plea of guilty to count one of indictment charging him with the crime of felony flight,
wherein count one of indictment fails to charge him as a habitual offender, nor was a
proper bifurcated habitual offender sentencing hearing conducted by the court.
Neither was the indictment amended to charge Petitioner as a habitual offender.
S.C.R., Vol. 1, pg. 27. Joiner then amended this petition to include a claim for ineffective assistance of
Counsel failed to object to the Court conducting a sentencing hearing on Petitioner
under the habitual offender statute, 99-19-81, in which he was not indicted for, and,
finding him guilty and sentencing him as a habitual offender without sufficient
evidence being presented to the Court by the State proving Petitioner met the
qualifications to be sentenced as a habitual offender.
S.C.R., Vol. 1, pg. 32.
The trial court denied Joiner’s petition and amended petition for post-conviction relief, and
Joiner appealed that decision to the Mississippi Supreme Court, raising the following grounds for
relief (as stated by Joiner through counsel):
Whether Albert Joiner, Jr. was properly charged under Mississippi’s habitual offender
Whether Albert Joiner, Jr. was properly sentenced under Mississippi’s habitual
Whether Albert Joiner, Jr. was denied effective assistance of counsel.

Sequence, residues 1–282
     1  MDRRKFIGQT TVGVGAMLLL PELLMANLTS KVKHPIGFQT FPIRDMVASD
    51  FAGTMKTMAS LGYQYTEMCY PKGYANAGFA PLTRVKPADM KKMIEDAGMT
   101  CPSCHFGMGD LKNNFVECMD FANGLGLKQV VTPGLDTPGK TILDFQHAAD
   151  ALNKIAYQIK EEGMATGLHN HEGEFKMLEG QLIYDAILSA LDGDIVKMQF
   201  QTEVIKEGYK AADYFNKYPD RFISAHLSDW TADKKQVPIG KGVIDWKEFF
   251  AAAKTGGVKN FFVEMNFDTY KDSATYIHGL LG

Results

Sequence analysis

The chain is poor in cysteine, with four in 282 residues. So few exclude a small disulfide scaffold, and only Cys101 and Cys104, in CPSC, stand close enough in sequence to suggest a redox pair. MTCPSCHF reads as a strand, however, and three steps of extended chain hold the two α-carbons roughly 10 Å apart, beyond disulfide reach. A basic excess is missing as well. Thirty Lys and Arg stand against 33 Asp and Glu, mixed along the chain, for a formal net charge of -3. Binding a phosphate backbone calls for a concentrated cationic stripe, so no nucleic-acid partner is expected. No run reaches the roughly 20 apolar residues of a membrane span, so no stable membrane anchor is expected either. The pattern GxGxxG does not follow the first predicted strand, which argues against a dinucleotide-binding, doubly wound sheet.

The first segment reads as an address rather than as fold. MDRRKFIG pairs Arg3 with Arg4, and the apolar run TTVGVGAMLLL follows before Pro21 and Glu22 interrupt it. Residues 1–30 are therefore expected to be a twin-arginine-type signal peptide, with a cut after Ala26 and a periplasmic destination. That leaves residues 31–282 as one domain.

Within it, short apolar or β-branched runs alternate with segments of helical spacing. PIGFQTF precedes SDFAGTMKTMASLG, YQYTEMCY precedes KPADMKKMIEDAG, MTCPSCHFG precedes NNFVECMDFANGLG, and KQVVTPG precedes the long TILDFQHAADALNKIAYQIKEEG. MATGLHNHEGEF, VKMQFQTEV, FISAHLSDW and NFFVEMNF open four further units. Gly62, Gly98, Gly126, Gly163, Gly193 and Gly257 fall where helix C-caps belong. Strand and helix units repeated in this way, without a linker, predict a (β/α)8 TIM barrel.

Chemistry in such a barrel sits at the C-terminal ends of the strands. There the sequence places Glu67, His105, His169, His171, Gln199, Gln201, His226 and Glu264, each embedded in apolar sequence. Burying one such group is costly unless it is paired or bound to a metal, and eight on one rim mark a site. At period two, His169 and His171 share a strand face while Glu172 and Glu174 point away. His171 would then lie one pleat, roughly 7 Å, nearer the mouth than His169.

The Mississippi Court of Appeals affirmed the trial court’s decision. Joiner v. State, 61 So. 3d 171
(Miss. Ct. App. 2010), reh’g denied August 31, 2010 (Cause No. 2009-CA-00222-COA). Joiner then
filed a petition for writ of certiorari, arguing the same issues in the trial court and Court of Appeals.
The Mississippi Supreme Court granted certiorari and affirmed. Joiner v. State, 61 So. 3d 156 (Miss.
Joiner then filed the instant federal petition for a writ of habeas corpus, raising the following
grounds for relief (restated by the court for the sake of brevity and clarity):
Ground One. Failure to amend indictment:
The court erred in finding and sentencing Petitioner to four (4) years as a
habitual offender without a properly charged indictment.
Ground Two. Failure to provide support for amendment of indictment:
The court erred in finding and sentencing Petitioner to four (4) years as a
habitual offender without properly submitted proof from the State that
Petitioner was at the least a twice convicted felon sentenced to a year or more
in a state for federal prison.
Ground Three. Ineffective assistance of counsel:
Failing to object to court’s finding and sentencing Petitioner as a habitual
offender without a proper indictment.
Failing to object to the court’s finding and sentencing as a habitual offender
without sufficient proof of Petitioner’s prior felony convictions in cause no.
LK2007-399, Count I of Indictment “Felony Fleeing”.
Joiner has exhausted his state court remedies as to the issues raised in the instant petition.
Grounds One and Two: Sentencing as a Habitual Offender
in the Absence of that Charge in the Indictment
Federal habeas corpus relief is only available when a conviction has been obtained in
violation of a federal constitutionally protected right. Smith v. Phillips, 455 U.S. 209, 221 (1981). A
“mere error of state law” is not a denial of due process. Engle v. Isaac, 465 U.S. 107, 121, and n.21,
102 S. Ct. 1558 and n.21, 71 L.Ed.2d 783 (1982). Thus an “alleged violation of state rules, without
more, is not a cognizable ground for habeas corpus relief.” Edwards v. Butler, 882 F.2d 160, 164 (5th
Cir. 1989) (citations omitted). When a federal court reviews state court evidentiary rulings on a